Then we have some room for one or more NPCs to be in the scene and write down the consequences of the party makes it or fails. Not every fail has to be death!


So far my session and encounter prep. Hope you enjoyed it, and continue reading my blog.


Saturday, January 2, 2021

The Hag's Hut

There is a small hut in the swamp, deserted and empty except for a

small offering table. Offer a small critter to speak to the hag.


The hag accepts the offer and is busy with creating:

1. potions in a large vat

2. a large sjawl from animal furs

3. a clean and healthy environment to live; scrubbing her crystal ball

4. a golem made of leather

5. a scroll of curses

6. A dictionary of foul language


The hag wants:

Potions:

1. flowerherb

2. a few drops of blood

3. a fingernail

4. teeth of a goblin

5. wintersmell

6. eternal fire


Large sjawl:

1. rabbit fur

2. thread to sew

3. a giant’s hair

4. a last breath

5. flying powder

6. golden light


Cleaning up:

1. your underclothes

2. a piece of mirror

3. a silver spoon

4. ravens’ spittle

5. an alchemy set

6. silks


Golem:

1. ethereal thread

2. a human skull

3. potion of breathing

4. a silver sword

5. a scythe

6. Lyrics to a song of death


Curses:

1. a test person

2. a potted plant

3. last words of a woman

4. arcane parchment

5. inks of an octopus

6. tears of a king


Dictionary:

1. a foul word

2. arcane inks

3. a translation

4. rage of barbarians

5. fires of autumn

6. a publisher who is willing

Saturday, December 26, 2020

Wizard’s Roost

Located halfway up a very steep cliff, the Wizard’s Roost is only accessible by a daring climber with luck, or a spell with Flying capabilities.

Within the Wizard’s Roost is:
- A window to look across the ocean.This is where the Wizard meditates. [Shiny, but worthless pebbles strewn about in a ring]
- A small chamber hewn out of the cliff with a bed and wardrobe.This is where the wizard sleeps. [A fancy wizard hat]
- A two-story study with a desk and a full library of books with topics in interest to the wizard.This is where the wizard studies and transcribes. [Arcane inks, parchment and books]

The wizard is fascinated by:
1. Fire and flames. He wants to empower his fireball spell.
2. Summoning. To send back a demon he once let upon the world.
3. Abjuration and chronomancy. To protect the city with a timestop
shield.
4. Divine magic. He wants to know the magic he can’t cast.
5. Biomancy and psyche. He wants to prolong life and keep the mind healthy.
6. Planar crossings and astronomy. He is searching to stop mindflayers to enter this world.

Book titles! A wizard searching the library may find:
(Depended on the focus)

Fire and Flames:
1. Survival: Campfires
2. The Colors of Heat
3. The Hag’s Twist
4. Treating a Burn
5. Flame Lash
6. Extreme Power

Summoning:
1. Imps and their Mothers
2. Circles and their Meaning
3. Commanding Hell
4. Demonic Fortitude
5. Layers of the Abyss
6. Dark Tides

Abjuration:
1. Locks and traps
2. The Calendar Year
3. Groundhog Day
4. Circles of Seclusion
5. Stop the Clock
6. Shields of Time

Divine magic:
1. The Gods and their
Answers
2. Clerical Knowledge
3. Divine Shield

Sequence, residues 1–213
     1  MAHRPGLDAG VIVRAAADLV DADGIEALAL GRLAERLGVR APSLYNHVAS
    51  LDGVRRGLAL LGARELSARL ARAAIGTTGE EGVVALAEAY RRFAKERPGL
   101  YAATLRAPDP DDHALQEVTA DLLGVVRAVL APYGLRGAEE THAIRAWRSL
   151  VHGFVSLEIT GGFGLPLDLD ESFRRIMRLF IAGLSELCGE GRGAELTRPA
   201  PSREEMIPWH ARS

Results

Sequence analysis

4. Arrogance of Mankind
5. Whispers of the Stars
6. The Climb to Heaven

Biomancy:
1. TreatingWounds
2. A Greater Mind
3. Phylactery and You
4. Salves andTheir
Effects
5. Mind-Altering Spells
6. The Great Escape

Planar Crossings:
1. Star-Crossed Lovers
2. Mindflayer Lairs
3. The Elder Brain
4. Constellations
5. The FireWithin
6. Cephalopods!


Wednesday, December 23, 2020

Old School Renaissance or D&D5e; I love them both

Through some channels I’m in I often hear a boasting of people how they are lucky they are playing OSR and despise anything that has to do with D&D5e. I’m glad they’re feeling lucky and happy with the games they are playing, but I feel no need to kick other games down. I’m writing this article from a perspective of someone having ran many D&D5e games and having played and ran in many sessions that fit within the OSR. I love both mindsets of gameplay, and they are very different from each other, but they can still co-exist.

I see D&D5e much as a game that revolves around the character sheet, more than about the personality of the character. The 5e character has a lot of abilities and there is a lot of choice in what you want to do and can achieve during encounters. The pure range of all these possibilities is what attracts me to D&D5e, but, mostly during combat encounters, the games I’ve played in devolve into ability uses. The storytelling halts there; only the DM that recounts what happens is still interested in weaving all together and creating a single story out of it. Most players are just happy to roll the dice and say what attack they will use.

In the OSR games I’ve played [Low Fantasy Gaming, Maze Rats, Mörk Borg] you often lack abilities (and health) and are encouraged to use more of the environment and all the little things that can grant you advantage in combat. The players always look for other options, whether talking, shoving, grappling or stealthing, instead of engaging directly with a weapon. The storytelling is often done by players and DM alike during their turn.

I like the many abilities and choices that 5e gives and I think they could add a lot to the story. Meanwhile, I also like the searching for other means of engagement in OSR. In this article I want to see if the two can be brought closer together and what happens if you take the story-heavy progression of OSR and put that in 5e, and what happens if you take the many abilities and try to fit those in Mörk Borg.